1917-1930 The dream takes off

In 1917 in the the city of Turin, Italy, Giuseppe Ratti, a photographer and the owner of Berry Opticians, set out on a journey that would later bring him international success. In the small courtyard of a house in Via Caboto he started manufacturing state-of-theart glasses, designed in such a way as to meet the comfort and safety requirements of aviators and pilots of sport, as well as ideal vision standards.

Thus Protector glasses were born. They had smoked, round lenses that were lined with rubber and fixed to the head by elastic bands. Not long after, this eyewear was adopted by the Armed Forces and by the pilots of the Italian Air Force. This is how one of the most successful Italian companies began its journey: and to mark that happy event, Mr Ratti later chose the stork as a good omen for his company. This bird, with its long and graceful legs, and with the initials G.R. engraved on its wings, was to be Giuseppe Ratti’s trade mark for a long time to come.

Equipment used by heroes

Intuition, brilliance, innovation and quality made Protectors the eyewear of choice of several air forces around the world, including the US Air Force. They were worn, in those years, by aviation, racing and motorcycling champions. Personalities like D’Annunzio, De Pinedo, Ferrarin, Chiron, Nazzaro, Fangio, Opessi, Bolognini and Ghersi were among some of the most famous wearers of this ever-evolving product. Very special inaugural flights were reserved for Protector glasses by Major Gabriele D’annunzio (a tailored model was designed for him) and Captain Natale Palli on 9 August, 1918 on the historic flight over Vienna, and by Francesco De Pinedo on his flight across the Atlantic which lasted 193 hours!

The “Cinesino” (small Chinese person) as the icon of an emerging myth

From the pen of a great cartoonist, Eugenio Colmo, aka Golia, the “Cinesino” took shape in 1920. It would characterise the Berry shop in Via Roma and, with its graphic evolutions, would accompany the glasses for the following 50 years in adverts typifying Ratti’s products, starting with the Persol range, which was born in those years.

The extraordinary brown lens

The 1920s also saw the invention of the famous yellow-brown coloured lens made from neutral crystal, which was produced using pure silica. This lens would soon be mounted on all Persol glasses. Its peculiarity was due to a special “mass” manufacturing process, which defined its colouring and guaranteed a high level of protection from the harmful rays of the sun.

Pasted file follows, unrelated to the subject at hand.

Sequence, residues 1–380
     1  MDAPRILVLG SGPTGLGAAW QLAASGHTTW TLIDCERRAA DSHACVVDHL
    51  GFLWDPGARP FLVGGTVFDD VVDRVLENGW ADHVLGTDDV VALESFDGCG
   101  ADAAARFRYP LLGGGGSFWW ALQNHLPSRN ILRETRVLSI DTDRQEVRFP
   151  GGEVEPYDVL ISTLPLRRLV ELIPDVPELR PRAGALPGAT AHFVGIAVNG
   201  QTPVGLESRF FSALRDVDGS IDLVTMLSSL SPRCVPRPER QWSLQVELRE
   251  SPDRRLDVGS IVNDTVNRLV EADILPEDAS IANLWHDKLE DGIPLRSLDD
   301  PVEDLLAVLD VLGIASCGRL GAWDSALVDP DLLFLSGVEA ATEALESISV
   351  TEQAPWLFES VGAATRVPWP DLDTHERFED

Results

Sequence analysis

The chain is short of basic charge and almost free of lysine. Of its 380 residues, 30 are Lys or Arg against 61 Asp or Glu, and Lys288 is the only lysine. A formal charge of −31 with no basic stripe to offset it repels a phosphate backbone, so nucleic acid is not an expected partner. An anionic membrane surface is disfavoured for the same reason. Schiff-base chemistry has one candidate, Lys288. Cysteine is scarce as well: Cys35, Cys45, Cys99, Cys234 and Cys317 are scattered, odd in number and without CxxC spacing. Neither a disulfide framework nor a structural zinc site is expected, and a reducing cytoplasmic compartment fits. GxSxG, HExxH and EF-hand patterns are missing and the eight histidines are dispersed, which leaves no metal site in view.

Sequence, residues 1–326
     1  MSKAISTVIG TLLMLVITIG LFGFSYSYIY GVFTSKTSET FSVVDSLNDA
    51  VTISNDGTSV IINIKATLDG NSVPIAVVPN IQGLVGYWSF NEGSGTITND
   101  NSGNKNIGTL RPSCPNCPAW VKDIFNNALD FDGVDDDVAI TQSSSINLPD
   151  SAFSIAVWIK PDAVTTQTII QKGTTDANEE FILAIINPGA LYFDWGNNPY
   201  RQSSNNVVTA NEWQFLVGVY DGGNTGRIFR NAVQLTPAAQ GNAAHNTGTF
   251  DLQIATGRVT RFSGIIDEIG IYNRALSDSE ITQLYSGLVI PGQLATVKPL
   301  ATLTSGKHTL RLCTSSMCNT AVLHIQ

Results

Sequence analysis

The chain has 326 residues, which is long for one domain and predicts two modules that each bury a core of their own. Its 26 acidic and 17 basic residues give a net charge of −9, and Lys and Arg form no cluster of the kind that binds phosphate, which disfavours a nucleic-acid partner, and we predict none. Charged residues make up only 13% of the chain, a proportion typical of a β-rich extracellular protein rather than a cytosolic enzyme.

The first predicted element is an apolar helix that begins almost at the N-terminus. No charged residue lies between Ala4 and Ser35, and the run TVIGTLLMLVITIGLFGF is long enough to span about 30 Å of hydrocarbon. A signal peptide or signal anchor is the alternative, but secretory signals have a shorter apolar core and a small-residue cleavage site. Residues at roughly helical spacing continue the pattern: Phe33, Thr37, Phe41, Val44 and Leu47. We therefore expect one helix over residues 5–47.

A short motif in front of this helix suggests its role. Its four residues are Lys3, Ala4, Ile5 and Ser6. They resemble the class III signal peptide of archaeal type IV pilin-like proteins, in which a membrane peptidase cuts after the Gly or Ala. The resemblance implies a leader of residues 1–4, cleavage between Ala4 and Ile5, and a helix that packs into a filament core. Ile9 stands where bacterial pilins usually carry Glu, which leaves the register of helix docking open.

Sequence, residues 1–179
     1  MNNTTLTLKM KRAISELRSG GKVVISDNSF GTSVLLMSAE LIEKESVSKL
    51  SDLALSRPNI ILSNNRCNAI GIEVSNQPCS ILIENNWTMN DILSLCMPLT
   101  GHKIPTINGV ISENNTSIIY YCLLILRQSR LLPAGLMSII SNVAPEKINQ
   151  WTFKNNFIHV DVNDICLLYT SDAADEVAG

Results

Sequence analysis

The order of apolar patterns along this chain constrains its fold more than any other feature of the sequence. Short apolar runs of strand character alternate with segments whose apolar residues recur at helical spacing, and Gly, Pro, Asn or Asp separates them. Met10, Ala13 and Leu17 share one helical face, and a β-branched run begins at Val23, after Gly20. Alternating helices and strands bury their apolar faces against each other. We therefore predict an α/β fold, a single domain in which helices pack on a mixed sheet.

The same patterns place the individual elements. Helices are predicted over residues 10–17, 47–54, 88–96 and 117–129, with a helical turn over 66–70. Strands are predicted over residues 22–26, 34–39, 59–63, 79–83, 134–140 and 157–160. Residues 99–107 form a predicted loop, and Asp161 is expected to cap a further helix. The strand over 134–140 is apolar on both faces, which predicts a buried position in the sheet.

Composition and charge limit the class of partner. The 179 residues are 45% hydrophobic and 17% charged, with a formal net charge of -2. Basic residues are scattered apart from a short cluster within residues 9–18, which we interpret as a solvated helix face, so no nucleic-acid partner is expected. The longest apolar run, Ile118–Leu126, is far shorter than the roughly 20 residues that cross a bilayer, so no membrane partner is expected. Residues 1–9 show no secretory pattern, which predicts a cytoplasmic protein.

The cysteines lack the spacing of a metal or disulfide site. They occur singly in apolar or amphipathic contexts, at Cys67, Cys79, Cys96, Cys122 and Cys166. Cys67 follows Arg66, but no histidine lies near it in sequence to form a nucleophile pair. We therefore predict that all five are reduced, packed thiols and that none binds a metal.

Protector glasses: a concentration of technology to conquer the world

In 1924, Protector glasses earned the first of 14 international patents. Comprising as many as 41 parts, which required 43 different assembly operations, Protector glasses even won over the Swiss Military Department in 1927. Initially, as many as 200 pairs were shipped, after a careful check on the part of the Swiss, who also consulted Italian and foreign military headquarters.

1930-1950 For sun protection: Persol

The subsequent evolution of Protector glasses, led by the determination and the intuition of wanting to design a truly revolutionary pair of sunglasses in terms of quality and fit, resulted in the birth of the Persol brand in 1938. Incidentally, the name “Persol” was aptly derived from the Italian “per il sole”, meaning “for the sun”, to emphasize the sun-protective function of this eyewear. The remarkable features of this innovative product (besides its clear design and crystal lenses – Persol’s pride and joy!) are the Arrow, for functional detail and unmistakable aesthetic decoration, and the Meflecto, a system designed to give flexibility to the arms, thereby offering the greatest comfort.

Meflecto: flexibility for the perfect fit

The end of the 1930s saw the creation of the Meflecto system – the first flexible arm in the world, still a distinguishing feature of the Persol brand. The arm was made flexible thanks to the introduction of nylon or metal cylinders, intersected by a stainless steel core, providing maximum comfort and rendering the eyewear adaptable to the shape of any face.

For the sake of comfort

Those years also saw the introduction of Persol Victor Flex: an application of the Meflecto concept, i.e. a real concentration of technology, this light and comfortable eyewear model boasted a flexible three-incision bridge – patented and still used today in model 649. This bridge permits a comfortable curvature, and so the glasses hug the wearer’s face more closely. In the new models, an internal metallic brace is also applied to the arms so that both their length and curvature can be regulated.

The Arrow: a symbol of brilliance